Nobody is born a sports star. While genetics and the right environment might predestine some to become famous athletes, and some also have an innate talent to run, pitch, and strike, it takes a lot of work to grow from nobody to a famous sports personality. Before sports becoming their life (and their main source of income), people have to make a living one way or another. And not all of them become one of these six absolutely fabulous acrobats that will definitely help you get fit for the summer.
So, many famous athletes have to take jobs that have little to do with their sports career to sustain themselves – and sometimes, these jobs are a bit strange, weird, or surprising. Like in the case of the athletes below.
Richard Joseph “Richie” Hebner is currently employed as the batting coach for the Buffalo Bisons. Before, he was an MLB third baseman, priding himself with 203 home runs during his career. And in the offseason, he dug graves in a cemetery run by his family.
“My grandfather had it first, and then my father had it, and then my brother took it over — I dug graves for 35 years with a pick and shovel,” Hebner told the press. “I don’t know if a lot of people believed it because I was in the big leagues, but back then you didn’t make the money they are making now. You give a shovel to a guy in the big leagues now, and they will laugh at you. But I enjoyed it, and it didn’t bother me. I’m not afraid to work.”
Sean Christopher Avery played left wing for the Detroit Red Wings, Los Angeles Kings, Dallas Stars and New York Rangers during his career, and he was known for his agitating playing style and controversial behavior on the ice. His behavior was equally controversial off the rink, too, which is reflected by a number of jobs he took over the years.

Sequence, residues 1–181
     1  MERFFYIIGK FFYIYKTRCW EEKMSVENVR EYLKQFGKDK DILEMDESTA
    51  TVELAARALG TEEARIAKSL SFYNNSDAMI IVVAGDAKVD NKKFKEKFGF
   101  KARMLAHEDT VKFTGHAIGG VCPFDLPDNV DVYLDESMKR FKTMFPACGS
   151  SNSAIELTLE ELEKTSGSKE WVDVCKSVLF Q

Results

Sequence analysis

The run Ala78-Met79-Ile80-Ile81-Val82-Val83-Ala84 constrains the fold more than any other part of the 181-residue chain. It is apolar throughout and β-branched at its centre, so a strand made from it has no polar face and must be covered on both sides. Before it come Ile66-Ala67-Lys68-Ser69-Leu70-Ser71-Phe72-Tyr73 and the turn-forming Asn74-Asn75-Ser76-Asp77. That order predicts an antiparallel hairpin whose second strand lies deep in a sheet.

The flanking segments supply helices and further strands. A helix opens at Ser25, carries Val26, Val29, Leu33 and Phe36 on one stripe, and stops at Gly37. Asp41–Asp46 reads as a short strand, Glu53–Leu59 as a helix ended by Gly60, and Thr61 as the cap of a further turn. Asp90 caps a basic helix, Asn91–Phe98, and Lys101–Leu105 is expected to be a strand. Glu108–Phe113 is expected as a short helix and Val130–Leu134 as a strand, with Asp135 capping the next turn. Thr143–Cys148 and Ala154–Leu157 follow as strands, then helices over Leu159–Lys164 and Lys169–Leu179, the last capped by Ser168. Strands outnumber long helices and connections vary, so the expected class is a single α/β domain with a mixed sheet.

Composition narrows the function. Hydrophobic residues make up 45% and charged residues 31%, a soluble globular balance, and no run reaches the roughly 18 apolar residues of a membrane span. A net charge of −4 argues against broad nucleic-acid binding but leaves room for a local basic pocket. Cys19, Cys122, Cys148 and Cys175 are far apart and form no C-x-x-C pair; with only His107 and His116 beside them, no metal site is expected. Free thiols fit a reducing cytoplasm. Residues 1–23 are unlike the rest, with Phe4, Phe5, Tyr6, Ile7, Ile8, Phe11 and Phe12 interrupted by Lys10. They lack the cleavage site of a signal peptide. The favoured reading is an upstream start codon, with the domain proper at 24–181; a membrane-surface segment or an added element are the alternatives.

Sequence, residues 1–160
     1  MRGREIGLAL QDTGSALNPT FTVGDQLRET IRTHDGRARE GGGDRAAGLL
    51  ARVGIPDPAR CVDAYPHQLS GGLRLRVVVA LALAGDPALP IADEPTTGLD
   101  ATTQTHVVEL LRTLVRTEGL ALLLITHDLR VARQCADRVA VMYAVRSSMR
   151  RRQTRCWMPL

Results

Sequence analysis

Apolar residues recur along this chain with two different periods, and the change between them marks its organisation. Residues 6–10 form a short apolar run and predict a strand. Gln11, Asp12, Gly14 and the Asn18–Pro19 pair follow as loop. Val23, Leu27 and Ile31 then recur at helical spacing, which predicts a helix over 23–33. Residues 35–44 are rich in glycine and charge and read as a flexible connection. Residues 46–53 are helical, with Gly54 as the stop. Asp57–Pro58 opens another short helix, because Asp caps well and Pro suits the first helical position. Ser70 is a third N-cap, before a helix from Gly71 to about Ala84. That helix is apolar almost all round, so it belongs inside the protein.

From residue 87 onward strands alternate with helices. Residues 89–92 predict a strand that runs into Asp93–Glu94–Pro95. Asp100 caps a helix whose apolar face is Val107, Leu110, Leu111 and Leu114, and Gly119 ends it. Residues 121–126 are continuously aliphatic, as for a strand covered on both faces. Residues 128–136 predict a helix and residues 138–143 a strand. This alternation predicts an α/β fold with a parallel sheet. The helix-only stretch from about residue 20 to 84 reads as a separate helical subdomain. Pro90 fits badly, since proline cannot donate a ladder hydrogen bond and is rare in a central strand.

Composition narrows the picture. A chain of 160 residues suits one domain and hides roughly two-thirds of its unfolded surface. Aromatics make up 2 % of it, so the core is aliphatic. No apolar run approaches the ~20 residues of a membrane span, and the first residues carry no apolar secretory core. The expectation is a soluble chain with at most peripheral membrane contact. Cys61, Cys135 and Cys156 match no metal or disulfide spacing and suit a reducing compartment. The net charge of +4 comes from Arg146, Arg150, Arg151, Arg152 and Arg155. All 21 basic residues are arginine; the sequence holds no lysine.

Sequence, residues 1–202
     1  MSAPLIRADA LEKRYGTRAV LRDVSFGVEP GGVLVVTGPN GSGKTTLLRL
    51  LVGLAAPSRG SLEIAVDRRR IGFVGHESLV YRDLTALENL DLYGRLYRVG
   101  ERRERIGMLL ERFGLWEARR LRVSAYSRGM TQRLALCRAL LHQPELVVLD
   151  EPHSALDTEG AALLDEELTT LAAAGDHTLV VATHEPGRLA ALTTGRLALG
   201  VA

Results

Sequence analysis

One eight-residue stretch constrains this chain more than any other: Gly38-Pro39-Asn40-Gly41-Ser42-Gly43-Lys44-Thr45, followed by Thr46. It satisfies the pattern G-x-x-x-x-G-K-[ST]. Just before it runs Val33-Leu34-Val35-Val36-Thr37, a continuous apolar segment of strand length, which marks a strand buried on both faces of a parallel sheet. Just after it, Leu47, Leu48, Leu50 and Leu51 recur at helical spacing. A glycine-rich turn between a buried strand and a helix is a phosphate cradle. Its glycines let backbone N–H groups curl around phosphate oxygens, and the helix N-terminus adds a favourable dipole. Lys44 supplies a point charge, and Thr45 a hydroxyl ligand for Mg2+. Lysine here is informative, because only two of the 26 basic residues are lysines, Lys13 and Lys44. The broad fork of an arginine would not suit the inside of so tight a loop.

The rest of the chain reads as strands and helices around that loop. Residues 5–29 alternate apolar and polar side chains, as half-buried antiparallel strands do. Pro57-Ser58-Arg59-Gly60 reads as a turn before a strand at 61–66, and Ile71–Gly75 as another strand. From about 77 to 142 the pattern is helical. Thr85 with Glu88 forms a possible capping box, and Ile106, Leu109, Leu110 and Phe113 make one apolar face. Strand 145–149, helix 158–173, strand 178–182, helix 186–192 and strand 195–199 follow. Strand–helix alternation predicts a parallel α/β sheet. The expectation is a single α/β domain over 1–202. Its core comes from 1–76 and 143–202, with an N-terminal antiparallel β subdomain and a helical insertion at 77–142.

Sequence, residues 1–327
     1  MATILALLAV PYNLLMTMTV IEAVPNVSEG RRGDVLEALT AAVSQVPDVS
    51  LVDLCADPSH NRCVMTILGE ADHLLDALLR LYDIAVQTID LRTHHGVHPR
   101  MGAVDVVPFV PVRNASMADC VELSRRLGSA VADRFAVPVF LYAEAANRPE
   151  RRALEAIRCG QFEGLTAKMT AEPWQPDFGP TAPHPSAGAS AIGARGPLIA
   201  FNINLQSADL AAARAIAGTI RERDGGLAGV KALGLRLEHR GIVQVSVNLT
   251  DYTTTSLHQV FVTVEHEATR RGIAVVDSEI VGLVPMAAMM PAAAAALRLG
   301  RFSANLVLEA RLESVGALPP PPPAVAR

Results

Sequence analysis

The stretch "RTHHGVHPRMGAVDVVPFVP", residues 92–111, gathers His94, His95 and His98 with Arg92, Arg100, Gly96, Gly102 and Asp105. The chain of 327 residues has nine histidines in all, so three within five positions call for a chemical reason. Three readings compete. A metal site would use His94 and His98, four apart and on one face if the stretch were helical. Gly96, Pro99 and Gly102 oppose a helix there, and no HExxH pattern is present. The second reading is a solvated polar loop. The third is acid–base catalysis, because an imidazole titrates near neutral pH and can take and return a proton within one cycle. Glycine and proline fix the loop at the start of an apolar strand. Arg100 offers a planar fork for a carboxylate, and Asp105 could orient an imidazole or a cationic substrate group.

Among them, there’s an internship at the fashion magazine Vogue, spending the summer of 2008 guest-editing mensvogue.com. The next year, he presented a clothing line at the New York City Fashion Week for men’s fashion label Commonwealth Utilities. After retiring from NHL, Avery has been hired by NYC creative agency Lippman – he was appointed to work as Chief Strategic Officer and helped develop strategies for a number of the agency’s clients. He also did some modeling – he was the face of Hickey Freeman’s Spring/Summer 2012 ad campaign, and participated in 7FAM’s ad campaign in the coming year.
While those participating in team sports have a clear season (and off-season) period, for those involved with other sports, like running, their schedule is not that clear. Thus, you might wonder what long-distance runners, for example, do in their spare time. Well, for Lanni Marchant, holder of a Canadian women’s marathon record of 2 hours and 28 minutes, the choice was simple: she is a lawyer.
Marchant studied law at Michigan State University, where she also ran, and after her graduation, she used her skills to make a living. Currently, she is a practicing criminal defense attorney for a law firm in Chattanooga, Tennessee, where she lives with her family.